“Racing in general has been a victim of the economy and a victim of ourselves,” said Joe Harper, president and general manager of the Del Mar Thoroughbred Club. “There’s a lack of creative marketing throughout our sport. You have to go outside the circle of the hard-core fan, and that’s not happening.

“People don’t come out to see the regular horses. They’ll come out to see a Cigar, a Zenyatta or a California Chrome. But whenever there’s a superstar horse, racing doesn’t seem to take full advantage of the opportunity to cultivate new fans. Instead, racing seems to shoot itself in the foot. Racetracks need to build their own brand. It has to be more than just ‘look at all the pretty horses.’”

Going to the races is not cheap. After parking, admission, a reserved seat, a program and a racing form, a bettor could be out $20 to $25 before making his first wager, depending on the track. Del Mar and Saratoga do well. So do Keeneland in Lexington, Ky., and Oaklawn Park in Hot Springs, Ark. But for most other tracks, it’s a challenge to attract regular customers.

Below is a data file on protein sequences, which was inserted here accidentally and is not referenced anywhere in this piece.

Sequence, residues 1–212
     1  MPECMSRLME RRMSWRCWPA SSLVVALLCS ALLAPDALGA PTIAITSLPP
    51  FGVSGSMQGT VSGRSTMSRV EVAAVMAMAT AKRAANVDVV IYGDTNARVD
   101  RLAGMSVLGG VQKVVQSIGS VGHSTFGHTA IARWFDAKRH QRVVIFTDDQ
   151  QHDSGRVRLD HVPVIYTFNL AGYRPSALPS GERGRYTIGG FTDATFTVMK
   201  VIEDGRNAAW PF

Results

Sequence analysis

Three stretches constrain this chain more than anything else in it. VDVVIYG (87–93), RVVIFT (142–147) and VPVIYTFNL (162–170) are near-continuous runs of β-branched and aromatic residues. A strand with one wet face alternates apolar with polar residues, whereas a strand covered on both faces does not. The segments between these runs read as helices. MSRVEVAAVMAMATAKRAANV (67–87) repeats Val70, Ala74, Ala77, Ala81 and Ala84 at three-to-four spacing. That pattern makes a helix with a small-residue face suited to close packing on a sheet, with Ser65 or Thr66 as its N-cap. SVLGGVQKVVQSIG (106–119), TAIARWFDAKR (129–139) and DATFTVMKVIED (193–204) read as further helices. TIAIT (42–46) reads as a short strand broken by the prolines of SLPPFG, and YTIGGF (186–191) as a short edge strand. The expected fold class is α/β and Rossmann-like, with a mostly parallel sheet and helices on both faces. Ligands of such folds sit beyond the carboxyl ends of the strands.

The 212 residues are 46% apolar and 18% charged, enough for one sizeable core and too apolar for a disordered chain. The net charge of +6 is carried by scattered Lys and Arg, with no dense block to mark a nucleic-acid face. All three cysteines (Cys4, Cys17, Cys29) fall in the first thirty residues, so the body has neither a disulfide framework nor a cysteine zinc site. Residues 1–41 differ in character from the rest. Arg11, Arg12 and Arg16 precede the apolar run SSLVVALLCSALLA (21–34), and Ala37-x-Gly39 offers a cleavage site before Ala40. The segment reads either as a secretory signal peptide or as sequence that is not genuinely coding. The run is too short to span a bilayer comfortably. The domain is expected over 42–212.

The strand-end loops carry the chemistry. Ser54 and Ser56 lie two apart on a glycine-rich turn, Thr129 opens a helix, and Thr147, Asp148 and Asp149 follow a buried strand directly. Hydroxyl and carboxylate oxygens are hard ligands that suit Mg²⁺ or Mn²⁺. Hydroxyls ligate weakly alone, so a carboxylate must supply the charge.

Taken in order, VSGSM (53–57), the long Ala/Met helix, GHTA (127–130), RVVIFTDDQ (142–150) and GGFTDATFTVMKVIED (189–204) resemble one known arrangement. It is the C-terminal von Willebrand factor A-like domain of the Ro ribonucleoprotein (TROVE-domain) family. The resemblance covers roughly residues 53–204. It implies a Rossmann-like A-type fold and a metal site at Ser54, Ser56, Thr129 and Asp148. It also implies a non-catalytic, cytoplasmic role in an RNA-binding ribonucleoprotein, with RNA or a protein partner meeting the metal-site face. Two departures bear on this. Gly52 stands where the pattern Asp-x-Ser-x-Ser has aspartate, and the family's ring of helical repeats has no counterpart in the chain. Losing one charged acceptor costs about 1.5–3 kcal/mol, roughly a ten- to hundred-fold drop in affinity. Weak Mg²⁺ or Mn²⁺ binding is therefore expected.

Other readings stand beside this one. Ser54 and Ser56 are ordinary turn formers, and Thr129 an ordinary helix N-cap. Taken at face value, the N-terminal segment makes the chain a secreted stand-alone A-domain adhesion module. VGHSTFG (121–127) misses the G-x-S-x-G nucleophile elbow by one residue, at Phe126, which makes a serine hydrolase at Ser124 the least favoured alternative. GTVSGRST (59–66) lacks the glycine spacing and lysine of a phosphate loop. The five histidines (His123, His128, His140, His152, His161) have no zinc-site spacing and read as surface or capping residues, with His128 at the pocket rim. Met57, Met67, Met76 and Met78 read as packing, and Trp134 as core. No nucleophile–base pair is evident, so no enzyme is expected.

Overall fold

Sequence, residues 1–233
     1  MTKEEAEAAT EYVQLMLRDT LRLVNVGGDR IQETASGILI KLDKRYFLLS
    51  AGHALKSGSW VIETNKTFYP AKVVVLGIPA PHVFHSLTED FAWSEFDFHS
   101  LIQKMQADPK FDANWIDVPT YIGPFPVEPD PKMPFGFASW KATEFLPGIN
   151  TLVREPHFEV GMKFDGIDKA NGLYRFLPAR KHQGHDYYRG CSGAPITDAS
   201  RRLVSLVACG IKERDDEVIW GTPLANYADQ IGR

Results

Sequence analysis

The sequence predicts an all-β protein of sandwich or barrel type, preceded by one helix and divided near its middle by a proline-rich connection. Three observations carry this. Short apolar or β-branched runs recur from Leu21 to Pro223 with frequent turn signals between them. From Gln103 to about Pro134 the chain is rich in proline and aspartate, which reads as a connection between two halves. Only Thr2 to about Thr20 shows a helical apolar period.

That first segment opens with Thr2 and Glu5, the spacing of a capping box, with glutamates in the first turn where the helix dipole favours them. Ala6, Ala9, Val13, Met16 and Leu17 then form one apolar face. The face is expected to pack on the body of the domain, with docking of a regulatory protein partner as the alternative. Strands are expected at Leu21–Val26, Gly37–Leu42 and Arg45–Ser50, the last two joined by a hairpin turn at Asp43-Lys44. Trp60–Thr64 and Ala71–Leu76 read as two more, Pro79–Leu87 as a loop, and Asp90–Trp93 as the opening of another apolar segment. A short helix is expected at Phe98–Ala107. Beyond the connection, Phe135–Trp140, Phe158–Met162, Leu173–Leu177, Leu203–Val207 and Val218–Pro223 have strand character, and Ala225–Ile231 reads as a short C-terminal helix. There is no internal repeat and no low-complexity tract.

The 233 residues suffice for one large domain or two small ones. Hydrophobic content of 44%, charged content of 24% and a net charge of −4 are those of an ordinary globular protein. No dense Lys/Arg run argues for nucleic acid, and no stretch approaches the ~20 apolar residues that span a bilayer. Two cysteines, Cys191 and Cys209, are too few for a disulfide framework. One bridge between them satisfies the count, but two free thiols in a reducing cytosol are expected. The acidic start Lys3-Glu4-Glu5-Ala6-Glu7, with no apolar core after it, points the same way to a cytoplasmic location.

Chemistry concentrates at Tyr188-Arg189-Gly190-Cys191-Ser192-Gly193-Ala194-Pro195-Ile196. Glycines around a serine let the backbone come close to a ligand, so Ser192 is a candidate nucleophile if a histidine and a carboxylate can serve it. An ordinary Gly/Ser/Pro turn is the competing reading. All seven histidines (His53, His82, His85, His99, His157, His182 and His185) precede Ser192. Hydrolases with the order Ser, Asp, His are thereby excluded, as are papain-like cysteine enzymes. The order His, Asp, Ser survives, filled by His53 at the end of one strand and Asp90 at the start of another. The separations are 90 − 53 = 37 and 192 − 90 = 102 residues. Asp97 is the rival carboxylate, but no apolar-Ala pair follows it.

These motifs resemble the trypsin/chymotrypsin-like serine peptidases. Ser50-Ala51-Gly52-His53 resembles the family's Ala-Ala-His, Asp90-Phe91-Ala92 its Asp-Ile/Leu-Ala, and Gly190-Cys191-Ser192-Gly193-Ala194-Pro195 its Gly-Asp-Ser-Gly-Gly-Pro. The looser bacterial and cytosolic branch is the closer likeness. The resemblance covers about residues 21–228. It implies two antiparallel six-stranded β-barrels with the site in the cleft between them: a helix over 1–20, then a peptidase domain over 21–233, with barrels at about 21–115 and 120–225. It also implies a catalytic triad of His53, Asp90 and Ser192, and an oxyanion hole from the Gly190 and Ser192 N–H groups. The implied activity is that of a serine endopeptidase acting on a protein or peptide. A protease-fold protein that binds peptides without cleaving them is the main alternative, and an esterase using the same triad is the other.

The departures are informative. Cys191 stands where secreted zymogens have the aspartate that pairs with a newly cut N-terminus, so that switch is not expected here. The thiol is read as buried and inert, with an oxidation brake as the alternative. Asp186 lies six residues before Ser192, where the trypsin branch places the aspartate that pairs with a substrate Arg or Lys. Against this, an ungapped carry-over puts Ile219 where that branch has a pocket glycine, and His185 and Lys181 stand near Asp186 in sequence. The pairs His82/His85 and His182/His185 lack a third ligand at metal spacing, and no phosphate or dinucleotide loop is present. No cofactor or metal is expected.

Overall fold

If racing can generate and promote more stars, perhaps fans would come out. Harper would love to see California Chrome win today, partially for selfish reasons.

The Pacific Classic, Del Mar’s signature race to its summer meet, is scheduled for Aug. 24 and has a $1 million purse. If Harper can convince California Chrome’s connections to stay in California — the horse is based at Los Alamitos, about 90 minutes from Del Mar — rather than run in the Travers at Saratoga or the Haskell at New Jersey’s Monmouth Park earlier that month, it could result in a record crowd.

“It would be great to have California Chrome run at Del Mar,” Harper said. “This is a terrific story, a screenwriter’s dream. I hope he can pull it off. But long term, one horse can’t save racing.”

Avello said: “If he wins, it’s great. But the week after, we’re right back where we were.”

Contact reporter Steve Carp at scarp@reviewjournal.com or 702-387-2913. Follow him on Twitter: @stevecarprj.